Ending a marriage is never easy. Beyond the mental and emotional stress, not to mention the uncertainty of what lies ahead, there is also the legal process to navigate. After all, marriage is a legally binding agreement. In order to terminate that agreement, you’ll need to involve the courts once more.
The process of ending a marriage is typically called a divorce, but you have likely also heard the phrase “dissolving a marriage”. The question we often receive is, “What’s the difference?”
Before we get to that, it’s important to understand the steps leading up to the end of a marriage.
The Path to Ending a Marriage
Before a divorce, most couples typically undergo a separation. If they separate without involving the court system, it’s called a trial separation. Many couples enter a trial separation with a plan of potentially reuniting, though this doesn’t have to be the case. If the courts are involved, then the couple enters into a legal separation. This has clearly defined rules and responsibilities for each party.
Even under a legal separation, the couple may decide to get back together.
If they don’t, however, they will look to terminate the marriage. This is where a set of new terms comes into play. A less common option for ending a marriage is an annulment. Rather than simply breaking apart the marriage, an annulment legally voids it, rendering the marriage as though it never happened.
Annulments can only happen under specific situations such as a lack of consummation, fraud, mental illness, bigamy, and forced consent.
Dissolution vs. Divorce
Dissolution and divorce are terms that are often used interchangeably. Depending on where you live, they may essentially mean the same thing. In the state of Ohio, however, there is difference between the two. A dissolution is essentially a no-fault agreement to end your marriage. This typically means a shorter, less expensive process as both parties have agreed their marriage isn’t working, and it is time to move on.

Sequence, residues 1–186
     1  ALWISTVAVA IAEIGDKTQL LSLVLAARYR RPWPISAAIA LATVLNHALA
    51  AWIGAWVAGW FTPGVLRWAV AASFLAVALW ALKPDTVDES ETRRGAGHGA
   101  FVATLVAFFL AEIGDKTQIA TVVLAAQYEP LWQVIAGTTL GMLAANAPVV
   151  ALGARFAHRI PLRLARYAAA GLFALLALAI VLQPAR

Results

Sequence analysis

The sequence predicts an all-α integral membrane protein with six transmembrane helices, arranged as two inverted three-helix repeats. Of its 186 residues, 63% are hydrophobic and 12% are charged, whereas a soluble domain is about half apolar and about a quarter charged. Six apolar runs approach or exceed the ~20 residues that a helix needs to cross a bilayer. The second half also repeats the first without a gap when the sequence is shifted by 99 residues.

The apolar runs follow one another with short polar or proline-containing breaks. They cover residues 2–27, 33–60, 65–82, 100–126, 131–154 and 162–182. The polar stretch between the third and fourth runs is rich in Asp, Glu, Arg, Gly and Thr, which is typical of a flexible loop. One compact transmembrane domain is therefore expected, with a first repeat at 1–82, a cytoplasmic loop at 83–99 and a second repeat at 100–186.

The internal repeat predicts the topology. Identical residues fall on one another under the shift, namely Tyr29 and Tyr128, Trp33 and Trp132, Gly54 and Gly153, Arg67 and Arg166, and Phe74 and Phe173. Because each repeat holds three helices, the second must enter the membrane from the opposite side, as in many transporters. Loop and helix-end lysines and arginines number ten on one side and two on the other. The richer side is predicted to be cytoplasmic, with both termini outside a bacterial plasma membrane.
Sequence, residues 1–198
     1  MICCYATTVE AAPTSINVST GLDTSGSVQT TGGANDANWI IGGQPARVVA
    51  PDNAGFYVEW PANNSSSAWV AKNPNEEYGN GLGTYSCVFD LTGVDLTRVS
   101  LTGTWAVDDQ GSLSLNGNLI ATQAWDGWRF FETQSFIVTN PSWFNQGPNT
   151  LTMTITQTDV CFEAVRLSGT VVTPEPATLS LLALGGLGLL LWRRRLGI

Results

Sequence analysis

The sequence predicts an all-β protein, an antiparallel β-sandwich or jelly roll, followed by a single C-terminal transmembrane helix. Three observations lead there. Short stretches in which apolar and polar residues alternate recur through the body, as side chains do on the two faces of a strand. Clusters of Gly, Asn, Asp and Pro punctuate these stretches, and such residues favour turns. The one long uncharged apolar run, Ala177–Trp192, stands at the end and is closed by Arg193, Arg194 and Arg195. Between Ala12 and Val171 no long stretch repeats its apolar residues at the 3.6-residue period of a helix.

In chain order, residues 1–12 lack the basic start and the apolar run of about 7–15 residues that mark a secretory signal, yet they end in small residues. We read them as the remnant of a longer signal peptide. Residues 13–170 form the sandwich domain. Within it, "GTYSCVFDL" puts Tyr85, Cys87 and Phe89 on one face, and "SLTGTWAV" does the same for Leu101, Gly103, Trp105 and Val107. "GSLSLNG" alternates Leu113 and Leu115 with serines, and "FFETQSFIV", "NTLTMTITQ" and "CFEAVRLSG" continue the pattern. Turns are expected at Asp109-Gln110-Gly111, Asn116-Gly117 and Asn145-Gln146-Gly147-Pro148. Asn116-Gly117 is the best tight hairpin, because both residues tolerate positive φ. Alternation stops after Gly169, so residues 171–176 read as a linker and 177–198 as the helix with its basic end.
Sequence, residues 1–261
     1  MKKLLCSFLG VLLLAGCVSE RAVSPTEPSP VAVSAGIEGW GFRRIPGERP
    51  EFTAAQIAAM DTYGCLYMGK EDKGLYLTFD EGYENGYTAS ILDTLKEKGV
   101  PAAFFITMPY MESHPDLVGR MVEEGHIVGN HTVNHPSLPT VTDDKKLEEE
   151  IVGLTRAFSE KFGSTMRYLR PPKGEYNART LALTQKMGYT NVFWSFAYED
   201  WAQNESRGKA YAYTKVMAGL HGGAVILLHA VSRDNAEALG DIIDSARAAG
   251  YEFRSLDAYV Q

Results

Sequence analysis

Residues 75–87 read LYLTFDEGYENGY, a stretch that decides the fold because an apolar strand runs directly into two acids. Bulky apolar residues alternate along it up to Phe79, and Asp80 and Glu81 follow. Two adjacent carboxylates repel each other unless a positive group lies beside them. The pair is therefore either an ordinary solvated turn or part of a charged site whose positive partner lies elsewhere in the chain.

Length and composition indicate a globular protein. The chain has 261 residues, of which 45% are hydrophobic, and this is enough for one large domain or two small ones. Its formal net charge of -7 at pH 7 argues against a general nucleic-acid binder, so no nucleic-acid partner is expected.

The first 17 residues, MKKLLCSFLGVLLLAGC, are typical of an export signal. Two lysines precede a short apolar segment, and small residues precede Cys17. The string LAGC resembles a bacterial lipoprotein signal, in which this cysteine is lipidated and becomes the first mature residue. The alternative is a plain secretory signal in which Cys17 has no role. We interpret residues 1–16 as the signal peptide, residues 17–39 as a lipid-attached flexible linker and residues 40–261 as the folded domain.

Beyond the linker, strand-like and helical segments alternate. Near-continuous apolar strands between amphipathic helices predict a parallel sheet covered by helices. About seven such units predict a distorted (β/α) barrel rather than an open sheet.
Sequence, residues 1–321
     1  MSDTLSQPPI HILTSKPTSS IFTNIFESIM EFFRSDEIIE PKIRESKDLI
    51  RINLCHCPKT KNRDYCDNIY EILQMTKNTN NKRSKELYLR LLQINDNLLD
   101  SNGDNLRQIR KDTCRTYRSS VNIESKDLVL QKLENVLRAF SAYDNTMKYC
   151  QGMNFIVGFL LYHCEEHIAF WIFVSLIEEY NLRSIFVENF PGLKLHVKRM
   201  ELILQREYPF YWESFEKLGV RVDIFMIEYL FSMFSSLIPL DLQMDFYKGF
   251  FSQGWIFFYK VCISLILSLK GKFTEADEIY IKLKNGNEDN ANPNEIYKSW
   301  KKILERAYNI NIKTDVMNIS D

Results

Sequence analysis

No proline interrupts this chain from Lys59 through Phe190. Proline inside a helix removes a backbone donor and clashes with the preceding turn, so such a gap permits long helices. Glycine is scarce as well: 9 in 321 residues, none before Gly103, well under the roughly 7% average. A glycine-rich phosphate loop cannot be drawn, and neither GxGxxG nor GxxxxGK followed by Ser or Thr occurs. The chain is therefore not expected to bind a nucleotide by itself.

All that is left is to decide the terms.
By comparison, a divorce is where one side (or both sides) allege that their spouse is at fault for causing the divorce. The reasons can vary and may involve abuse, cruelty, drunkenness, infidelity, and more. In order to win your divorce case and end things according to your terms, you will need to prove fault.
When to Speak to an Attorney
If you’re thinking of ending your marriage, it’s best to speak to an attorney sooner rather than later. They’ll help you understand your options and create a roadmap for the path ahead. Even if you plan to try and save your marriage, it’s still a good idea to speak to an attorney. That way, you will be prepared for whatever happens moving forward.
If the marriage ultimately can’t be saved, your attorney can help navigate the legal proceedings that will follow. A mutual dissolution is generally preferred, but it’s not always possible. When trying to prove fault in a divorce, it’s especially important that you have an attorney experienced in divorce law who is dedicated to representing your needs.
For an experienced, compassionate divorce attorney in the Springfield, Ohio area, contact the offices of Michael T. Edwards today.